And it’s not like that reciting software as a corresponding structure allows one to assert that software (basically ones and zeros) is somehow the equivalent of all possible means for performing the function. Would an Etch-A-Sketch be the equivalent of software? Probably not. Would hardware be the equivalent? Maybe.

    But the point is that software *has* structural features (the ones and zeros that are loadable into memory, etc.) and I have yet to hear any good reason why a specific algorithm should be necessary given software’s inherent structural features.

  12. If the flow charts and symbolic representation (pseudocode) have completely described the invention it is hard to understand why you need to include source code demonstrating an implementation of the algorithm. The implementation is no more than a translation of one expression of the algorithm to another. Its like requiring that a patent applicant in the US include a French translation.

  13. Crouch’s summary of the case is slightly misleading. The only mention in the patent-in-suit of the structure corresponding to the claimed means was in its summary, and only in passing. The patent’s detailed description was entirely silent regarding the required structure.

    In contrast, most practitioners today provide a full written description of all code elements (or their functions) in the detailed description, and provide source code only as a secondary source. The two cited Touchcom cases do not imply that source code should be submitted in all cases, but rather that a full description of all claim elements should be provided in the specification and not in appendixes that may be inadvertently lost or omitted.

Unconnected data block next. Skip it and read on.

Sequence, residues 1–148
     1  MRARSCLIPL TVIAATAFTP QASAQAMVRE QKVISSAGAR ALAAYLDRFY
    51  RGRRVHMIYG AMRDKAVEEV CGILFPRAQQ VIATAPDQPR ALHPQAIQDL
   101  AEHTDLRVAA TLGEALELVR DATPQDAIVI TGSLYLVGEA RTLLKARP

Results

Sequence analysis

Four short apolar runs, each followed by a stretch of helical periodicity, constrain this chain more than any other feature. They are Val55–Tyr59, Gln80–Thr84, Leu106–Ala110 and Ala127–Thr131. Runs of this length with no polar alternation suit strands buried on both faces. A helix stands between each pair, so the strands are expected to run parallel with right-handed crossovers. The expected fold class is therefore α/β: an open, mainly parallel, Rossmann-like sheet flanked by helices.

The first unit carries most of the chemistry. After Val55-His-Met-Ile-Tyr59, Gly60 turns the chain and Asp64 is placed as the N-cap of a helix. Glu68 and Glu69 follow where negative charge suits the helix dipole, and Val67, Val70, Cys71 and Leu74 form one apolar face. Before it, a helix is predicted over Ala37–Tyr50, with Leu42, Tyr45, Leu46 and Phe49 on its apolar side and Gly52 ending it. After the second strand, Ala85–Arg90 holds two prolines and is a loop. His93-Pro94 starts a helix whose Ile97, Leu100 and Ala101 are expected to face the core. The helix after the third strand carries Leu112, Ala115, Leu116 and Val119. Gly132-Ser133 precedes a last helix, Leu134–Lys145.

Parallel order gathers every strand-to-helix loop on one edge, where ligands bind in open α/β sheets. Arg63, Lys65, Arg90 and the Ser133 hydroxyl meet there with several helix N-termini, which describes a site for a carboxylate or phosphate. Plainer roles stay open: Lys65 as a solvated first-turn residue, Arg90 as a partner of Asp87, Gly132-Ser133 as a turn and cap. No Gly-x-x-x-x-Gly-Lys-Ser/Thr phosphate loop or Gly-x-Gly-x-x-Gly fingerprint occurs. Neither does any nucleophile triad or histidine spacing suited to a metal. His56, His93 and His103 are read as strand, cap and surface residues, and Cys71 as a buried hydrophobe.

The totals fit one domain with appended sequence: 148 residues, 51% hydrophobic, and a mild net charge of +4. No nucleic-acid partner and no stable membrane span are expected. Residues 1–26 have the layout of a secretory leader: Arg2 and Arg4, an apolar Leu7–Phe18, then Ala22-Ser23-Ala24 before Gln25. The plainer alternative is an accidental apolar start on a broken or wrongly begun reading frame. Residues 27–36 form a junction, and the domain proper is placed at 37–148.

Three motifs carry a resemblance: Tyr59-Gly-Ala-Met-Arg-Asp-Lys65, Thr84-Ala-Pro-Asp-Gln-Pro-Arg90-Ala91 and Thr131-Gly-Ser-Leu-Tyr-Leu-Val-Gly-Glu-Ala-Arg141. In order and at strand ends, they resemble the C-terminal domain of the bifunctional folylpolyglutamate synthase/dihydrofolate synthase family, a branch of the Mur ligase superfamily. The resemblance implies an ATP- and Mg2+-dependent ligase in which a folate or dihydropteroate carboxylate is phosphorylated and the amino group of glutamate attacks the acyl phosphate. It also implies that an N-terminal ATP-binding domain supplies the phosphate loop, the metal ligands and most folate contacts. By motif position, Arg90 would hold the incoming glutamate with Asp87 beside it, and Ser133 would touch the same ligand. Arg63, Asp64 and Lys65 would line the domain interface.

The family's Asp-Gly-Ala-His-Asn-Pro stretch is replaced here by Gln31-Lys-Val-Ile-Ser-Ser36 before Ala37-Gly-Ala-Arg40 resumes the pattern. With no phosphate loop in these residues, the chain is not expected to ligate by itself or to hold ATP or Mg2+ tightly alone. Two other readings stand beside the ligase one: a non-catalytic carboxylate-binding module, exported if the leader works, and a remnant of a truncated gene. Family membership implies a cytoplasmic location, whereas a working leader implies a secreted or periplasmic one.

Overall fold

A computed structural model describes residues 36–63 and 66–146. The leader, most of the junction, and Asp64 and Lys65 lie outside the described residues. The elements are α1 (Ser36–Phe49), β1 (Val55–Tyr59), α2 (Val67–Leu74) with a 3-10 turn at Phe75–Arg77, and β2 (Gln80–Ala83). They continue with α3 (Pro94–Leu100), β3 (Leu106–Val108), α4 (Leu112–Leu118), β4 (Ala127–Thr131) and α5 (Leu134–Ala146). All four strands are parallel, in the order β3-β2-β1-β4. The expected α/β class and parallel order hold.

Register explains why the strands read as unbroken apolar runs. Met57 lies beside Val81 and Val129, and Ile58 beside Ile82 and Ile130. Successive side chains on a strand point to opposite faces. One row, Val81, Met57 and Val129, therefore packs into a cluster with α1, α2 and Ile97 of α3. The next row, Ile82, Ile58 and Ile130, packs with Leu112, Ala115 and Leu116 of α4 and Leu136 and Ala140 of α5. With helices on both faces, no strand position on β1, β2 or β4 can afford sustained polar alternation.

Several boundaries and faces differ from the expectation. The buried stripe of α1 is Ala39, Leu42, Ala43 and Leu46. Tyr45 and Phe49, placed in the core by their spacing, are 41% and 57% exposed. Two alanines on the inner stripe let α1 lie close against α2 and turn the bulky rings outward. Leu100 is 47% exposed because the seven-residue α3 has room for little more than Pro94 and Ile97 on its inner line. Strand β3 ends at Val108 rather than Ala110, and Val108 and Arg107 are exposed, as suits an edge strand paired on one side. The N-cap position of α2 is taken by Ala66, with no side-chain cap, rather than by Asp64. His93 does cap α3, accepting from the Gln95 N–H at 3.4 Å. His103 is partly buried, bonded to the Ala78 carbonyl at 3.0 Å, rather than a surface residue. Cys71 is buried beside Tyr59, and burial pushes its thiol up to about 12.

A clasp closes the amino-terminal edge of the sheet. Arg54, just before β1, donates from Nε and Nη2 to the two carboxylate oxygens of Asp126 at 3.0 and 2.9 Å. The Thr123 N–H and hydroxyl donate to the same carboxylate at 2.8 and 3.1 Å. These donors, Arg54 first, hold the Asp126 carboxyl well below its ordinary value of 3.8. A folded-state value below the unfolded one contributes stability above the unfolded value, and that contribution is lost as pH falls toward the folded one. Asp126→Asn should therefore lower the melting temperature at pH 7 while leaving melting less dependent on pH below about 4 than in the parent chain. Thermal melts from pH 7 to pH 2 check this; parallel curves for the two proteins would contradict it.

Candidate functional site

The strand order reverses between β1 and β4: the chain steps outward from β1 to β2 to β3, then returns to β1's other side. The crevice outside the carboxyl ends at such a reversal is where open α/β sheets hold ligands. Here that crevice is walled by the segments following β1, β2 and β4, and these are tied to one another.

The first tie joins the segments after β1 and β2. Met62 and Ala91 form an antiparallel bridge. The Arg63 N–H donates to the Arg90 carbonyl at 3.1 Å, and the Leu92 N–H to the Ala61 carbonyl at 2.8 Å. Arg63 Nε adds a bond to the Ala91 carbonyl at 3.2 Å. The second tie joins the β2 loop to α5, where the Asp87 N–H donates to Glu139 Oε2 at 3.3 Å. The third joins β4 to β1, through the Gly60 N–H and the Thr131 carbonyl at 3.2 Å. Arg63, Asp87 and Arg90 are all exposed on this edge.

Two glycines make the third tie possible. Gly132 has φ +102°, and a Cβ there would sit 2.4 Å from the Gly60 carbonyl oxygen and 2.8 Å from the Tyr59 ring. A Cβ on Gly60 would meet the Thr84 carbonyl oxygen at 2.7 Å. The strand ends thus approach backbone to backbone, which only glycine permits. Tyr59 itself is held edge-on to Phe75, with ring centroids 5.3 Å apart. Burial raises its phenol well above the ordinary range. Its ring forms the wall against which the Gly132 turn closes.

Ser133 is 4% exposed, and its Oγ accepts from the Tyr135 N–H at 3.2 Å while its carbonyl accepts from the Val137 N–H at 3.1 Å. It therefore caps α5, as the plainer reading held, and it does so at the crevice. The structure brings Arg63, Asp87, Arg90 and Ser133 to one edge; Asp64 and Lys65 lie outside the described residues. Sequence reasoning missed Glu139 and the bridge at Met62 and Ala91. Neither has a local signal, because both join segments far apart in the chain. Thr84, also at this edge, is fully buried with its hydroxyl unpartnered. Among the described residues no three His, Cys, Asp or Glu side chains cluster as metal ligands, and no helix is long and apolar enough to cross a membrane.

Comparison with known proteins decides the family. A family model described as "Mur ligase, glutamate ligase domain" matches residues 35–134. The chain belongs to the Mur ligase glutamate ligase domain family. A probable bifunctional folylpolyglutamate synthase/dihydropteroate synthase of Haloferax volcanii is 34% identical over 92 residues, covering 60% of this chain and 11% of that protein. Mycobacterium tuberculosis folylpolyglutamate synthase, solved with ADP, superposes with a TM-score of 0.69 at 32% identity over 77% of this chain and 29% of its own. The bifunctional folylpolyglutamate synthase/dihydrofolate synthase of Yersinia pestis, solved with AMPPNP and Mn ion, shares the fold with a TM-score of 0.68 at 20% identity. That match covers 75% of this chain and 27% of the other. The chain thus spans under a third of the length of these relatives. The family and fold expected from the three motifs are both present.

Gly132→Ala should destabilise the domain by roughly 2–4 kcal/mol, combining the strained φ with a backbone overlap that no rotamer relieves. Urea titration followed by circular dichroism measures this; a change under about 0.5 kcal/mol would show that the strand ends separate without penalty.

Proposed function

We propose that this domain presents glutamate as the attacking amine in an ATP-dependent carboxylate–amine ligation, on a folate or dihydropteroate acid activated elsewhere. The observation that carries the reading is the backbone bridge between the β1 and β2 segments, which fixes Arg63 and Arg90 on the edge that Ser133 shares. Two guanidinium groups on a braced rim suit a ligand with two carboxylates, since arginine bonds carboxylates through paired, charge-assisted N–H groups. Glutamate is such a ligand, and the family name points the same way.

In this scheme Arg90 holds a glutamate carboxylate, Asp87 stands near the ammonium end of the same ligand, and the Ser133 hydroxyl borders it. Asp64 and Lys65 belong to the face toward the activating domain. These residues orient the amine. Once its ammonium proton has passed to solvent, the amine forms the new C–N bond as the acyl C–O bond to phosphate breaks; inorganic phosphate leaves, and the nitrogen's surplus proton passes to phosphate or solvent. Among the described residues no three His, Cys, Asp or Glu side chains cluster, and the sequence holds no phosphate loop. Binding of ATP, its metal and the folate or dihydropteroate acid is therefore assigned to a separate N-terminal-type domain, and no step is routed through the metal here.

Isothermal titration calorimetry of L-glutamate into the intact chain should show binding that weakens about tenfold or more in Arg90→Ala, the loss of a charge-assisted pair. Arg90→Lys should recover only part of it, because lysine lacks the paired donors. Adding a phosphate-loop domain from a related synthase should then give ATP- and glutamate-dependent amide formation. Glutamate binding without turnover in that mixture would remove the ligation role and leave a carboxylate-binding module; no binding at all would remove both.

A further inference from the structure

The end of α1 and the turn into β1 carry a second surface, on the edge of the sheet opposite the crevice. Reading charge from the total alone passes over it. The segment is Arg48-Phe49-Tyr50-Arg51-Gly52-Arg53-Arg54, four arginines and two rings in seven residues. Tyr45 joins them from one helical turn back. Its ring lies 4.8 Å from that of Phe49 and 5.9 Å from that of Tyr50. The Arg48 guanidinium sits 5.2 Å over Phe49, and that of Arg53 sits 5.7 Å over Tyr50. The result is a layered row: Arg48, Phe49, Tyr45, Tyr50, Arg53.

14. Isn’t that the equivalent of providing a detailed schematic of every aspect of a mechanical device? You don’t need that level of detail for means-plus-function normally, do you?

  15. “What is the “structural” equivalent of disclosed code, anyway?”

    Seems to me it could be:
    1. Different programming language
    2. Refactored code
    3. object oriented implementation of same functions
    4. distributed execution (e.g. client-server) if relevant
    5. similar but not identical code that performs the same function in the same way with the same result (b + a instead of a + b)

    Now, proving it in court may be a more difficult story.

  16. Wow, interesting. What is the “structural” equivalent of disclosed code, anyway?

    I have not done many software applications. I have submitted a code appendix in most of them (particularly a neural net application where I didn’t want to violate 112 and the client was unconcerned with the code (graduate student work)).

    Means-plus-function is a pretty lazy way to draft apparatus claims for a method patent, I try to avoid it. If it is about the only way to do it, I would reconsider apparatus claims altogether.

Comments are closed.